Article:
I enjoy drawing inspiration from the different Psalms in the Bible. Last week, during a prayer session, the topic of having biblical calls to worship came up.
One of the attendees wanted to know how they could come up with calls to worship from the book of Psalms. Given my extensive knowledge as a theologian, I was excited to weigh in on the topic.
The following conversation inspired me to write an article to share the best Psalms for a call to worship.
8 Best Psalms to use as a call to worship
“The Lord reigns, let the nations tremble; he sits enthroned between the cherubim, let the earth shake. Great is the Lord in Zion; he is exalted over all the nations. Let them praise your great and awesome name—he is holy.”
This Psalm is an exaltation to the Almighty God for His marvelous deeds. As a call to worship, it reminds the congregation of their heavenly Father and why they should worship him.
“Give thanks to the Lord, for he is good. His love endures forever. Give thanks to the God of gods. His love endures forever. Give thanks to the Lord of lords: His love endures forever.”
The Psalmist invites us to praise God for his steadfast love for us, which endures forever. This scripture helps the congregation to reflect on the goodness of God.
It can also encourage them to go before him with a heart full of thanksgiving.
“You, God, are my God, earnestly I seek you; I thirst for you, my whole being longs for you, in a dry and parched land where there is no water.”
The Psalmist paints the picture of one who cries out to God even during trials and tribulations. This scripture is, therefore, excellent, especially for reminding believers not to stop calling unto God even when things aren’t going too well.
“I will praise you, Lord, with all my heart; before the “gods” I will sing your praise. I will bow down toward your holy temple and will praise your name for your unfailing love and your faithfulness, or you have so exalted your solemn decree that it surpasses your fame. When I called, you answered me; you greatly emboldened me.”
This passage is an expression of gratitude to God for answered prayers. It helps us view God as our kind and loving Father who hears us when we cry and strengthens us in our weakness.
“But I, by your great love, can come into your house; in reverence I bow down toward your holy temple. Lead me, Lord, in your righteousness because of my enemies—make your way straight before me.”
This scripture is a prayer to God to lead us through His righteousness and abundance of love. It reminds us to seek guidance in all our affairs because he knows the right way.
“Come, let us bow down in worship, let us kneel before the Lord our Maker.”
This verse is a simple call to the congregation to come before the Lord in worship. The Psalmist urges us to bow before God in these verses, for He created the world and everything in it.
“Shout for joy to the Lord, all the earth. Worship the Lord with gladness; come before him with joyful songs. Know that the Lord is God. It is he who made us, and we are his; we are his people, the sheep of his pasture.”
The Psalmist focuses on the communicable attributes of God, such as His goodness, loving-kindness, and faithfulness. This scripture serves as a reminder to draw near to Him in worship, as he knows us and loves us despite our sinful nature.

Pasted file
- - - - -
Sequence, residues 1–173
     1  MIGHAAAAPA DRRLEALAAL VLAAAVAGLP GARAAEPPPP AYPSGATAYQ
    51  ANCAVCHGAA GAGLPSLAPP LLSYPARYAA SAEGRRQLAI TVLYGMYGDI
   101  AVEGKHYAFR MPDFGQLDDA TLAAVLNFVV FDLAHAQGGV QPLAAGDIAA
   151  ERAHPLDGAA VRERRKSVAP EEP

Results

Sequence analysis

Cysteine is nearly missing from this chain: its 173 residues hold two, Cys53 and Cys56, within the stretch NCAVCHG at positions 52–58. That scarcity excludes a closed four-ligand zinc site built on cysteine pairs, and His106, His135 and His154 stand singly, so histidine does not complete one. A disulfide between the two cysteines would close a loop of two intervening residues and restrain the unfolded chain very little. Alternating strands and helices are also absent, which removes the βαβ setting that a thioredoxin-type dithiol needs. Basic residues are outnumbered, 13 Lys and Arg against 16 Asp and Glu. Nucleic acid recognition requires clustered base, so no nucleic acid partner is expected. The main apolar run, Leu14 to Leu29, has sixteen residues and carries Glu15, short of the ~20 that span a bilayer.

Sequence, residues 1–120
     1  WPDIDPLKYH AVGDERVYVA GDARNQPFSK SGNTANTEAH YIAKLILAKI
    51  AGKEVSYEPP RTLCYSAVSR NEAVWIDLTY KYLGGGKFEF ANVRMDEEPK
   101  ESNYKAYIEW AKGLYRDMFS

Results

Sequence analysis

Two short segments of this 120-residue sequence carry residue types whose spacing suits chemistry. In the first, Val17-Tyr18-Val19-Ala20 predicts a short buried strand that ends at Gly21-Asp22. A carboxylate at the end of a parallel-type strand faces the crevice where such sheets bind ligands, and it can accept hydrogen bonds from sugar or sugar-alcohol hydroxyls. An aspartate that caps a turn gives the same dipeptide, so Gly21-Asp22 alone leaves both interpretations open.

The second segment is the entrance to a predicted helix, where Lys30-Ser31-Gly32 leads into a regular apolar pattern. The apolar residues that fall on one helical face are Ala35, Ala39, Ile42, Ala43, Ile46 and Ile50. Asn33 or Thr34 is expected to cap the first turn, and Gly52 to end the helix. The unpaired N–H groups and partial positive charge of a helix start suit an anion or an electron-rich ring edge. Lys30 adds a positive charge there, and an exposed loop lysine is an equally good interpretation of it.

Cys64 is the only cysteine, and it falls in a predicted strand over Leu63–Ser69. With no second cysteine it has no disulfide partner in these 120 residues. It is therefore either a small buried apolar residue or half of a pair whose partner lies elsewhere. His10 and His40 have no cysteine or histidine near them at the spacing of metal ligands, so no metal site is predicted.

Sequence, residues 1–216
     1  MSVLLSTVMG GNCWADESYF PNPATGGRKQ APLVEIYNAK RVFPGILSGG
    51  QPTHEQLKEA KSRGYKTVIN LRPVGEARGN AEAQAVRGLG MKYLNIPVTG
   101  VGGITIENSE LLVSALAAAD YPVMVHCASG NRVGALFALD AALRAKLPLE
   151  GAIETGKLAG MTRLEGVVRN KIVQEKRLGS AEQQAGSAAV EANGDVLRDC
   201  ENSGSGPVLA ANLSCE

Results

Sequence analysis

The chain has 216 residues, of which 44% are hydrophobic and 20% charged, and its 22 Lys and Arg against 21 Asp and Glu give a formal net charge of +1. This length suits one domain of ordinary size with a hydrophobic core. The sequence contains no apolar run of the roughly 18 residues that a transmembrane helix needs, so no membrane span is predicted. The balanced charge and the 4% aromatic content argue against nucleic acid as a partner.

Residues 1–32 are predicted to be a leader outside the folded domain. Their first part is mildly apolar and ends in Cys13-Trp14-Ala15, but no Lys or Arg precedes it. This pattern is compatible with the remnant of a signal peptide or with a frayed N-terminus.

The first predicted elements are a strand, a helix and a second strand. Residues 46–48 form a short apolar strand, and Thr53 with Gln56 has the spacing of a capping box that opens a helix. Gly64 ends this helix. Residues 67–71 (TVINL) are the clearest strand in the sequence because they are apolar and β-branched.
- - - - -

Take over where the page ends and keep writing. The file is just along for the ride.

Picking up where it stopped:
“For you created my inmost being; you knit me together in my mother’s womb. I praise you because I am fearfully and wonderfully made; your works are wonderful, I know that full well. My frame was not hidden from you when I was made in the secret place, when I was woven together in the depths of the earth.”
These verses create the image of a God who knows us even better than we know ourselves. David notes that God knew him before he was born and spoke of the vastness of the thoughts and plans of the Lord.
This scripture gives us the comfort and peace that God knows us fully and, therefore, knows what we need even before we ask.
How to Use Call to Worship Verses from the Book of Psalms?
Theology experts suggest that the Psalms should be read out at the beginning of the worship session to set the atmosphere for the entire service.
These Psalms are prayers to God and reminders to go to Him with a heart of worship and humility. When they are read out loud by the worship leader or service coordinator, they give everyone something to ponder on, even as the service progresses.
Singing the Psalms as part of the worship set is also a powerful way to share them with the congregation. Famous psalms like Psalms 23 have been made into great worship and praise songs.
When these songs are sung at the beginning of the service, they tag at congregants’ hearts and help them draw closer to God through prayer and worship.
Having Psalms as part of the prayer during a call to worship. Most, if not all, the Psalms are prayers of thanksgiving, supplication, and adoration. The best way to incorporate them into a call to worship would be in the form of prayer.
What is the Best Time to read these Psalms?
Call to worship Psalms should be read at the beginning of the service, as they help to draw everyone’s attention to the purpose of the service.
Traditionally, calls to worship are a way of grabbing the congregation’s attention and marking the beginning of the service. When these Psalms start the service, they bring us closer to one another and the Father in our worship.
As a Christian, I have always been passionate about sharing God’s word with young people. This inspired me to pursue a Certificate in Christian Education, an Undergraduate degree in Religious Studies, and a Graduate degree in Theology. My knowledge in school and experience from dealing with the youth made me an expert at discussing Christian-related topics. I feel privileged working as the Coordinator of the Christian Youth Ministry at Christian Faith Guide. You can read more about me on the about us page.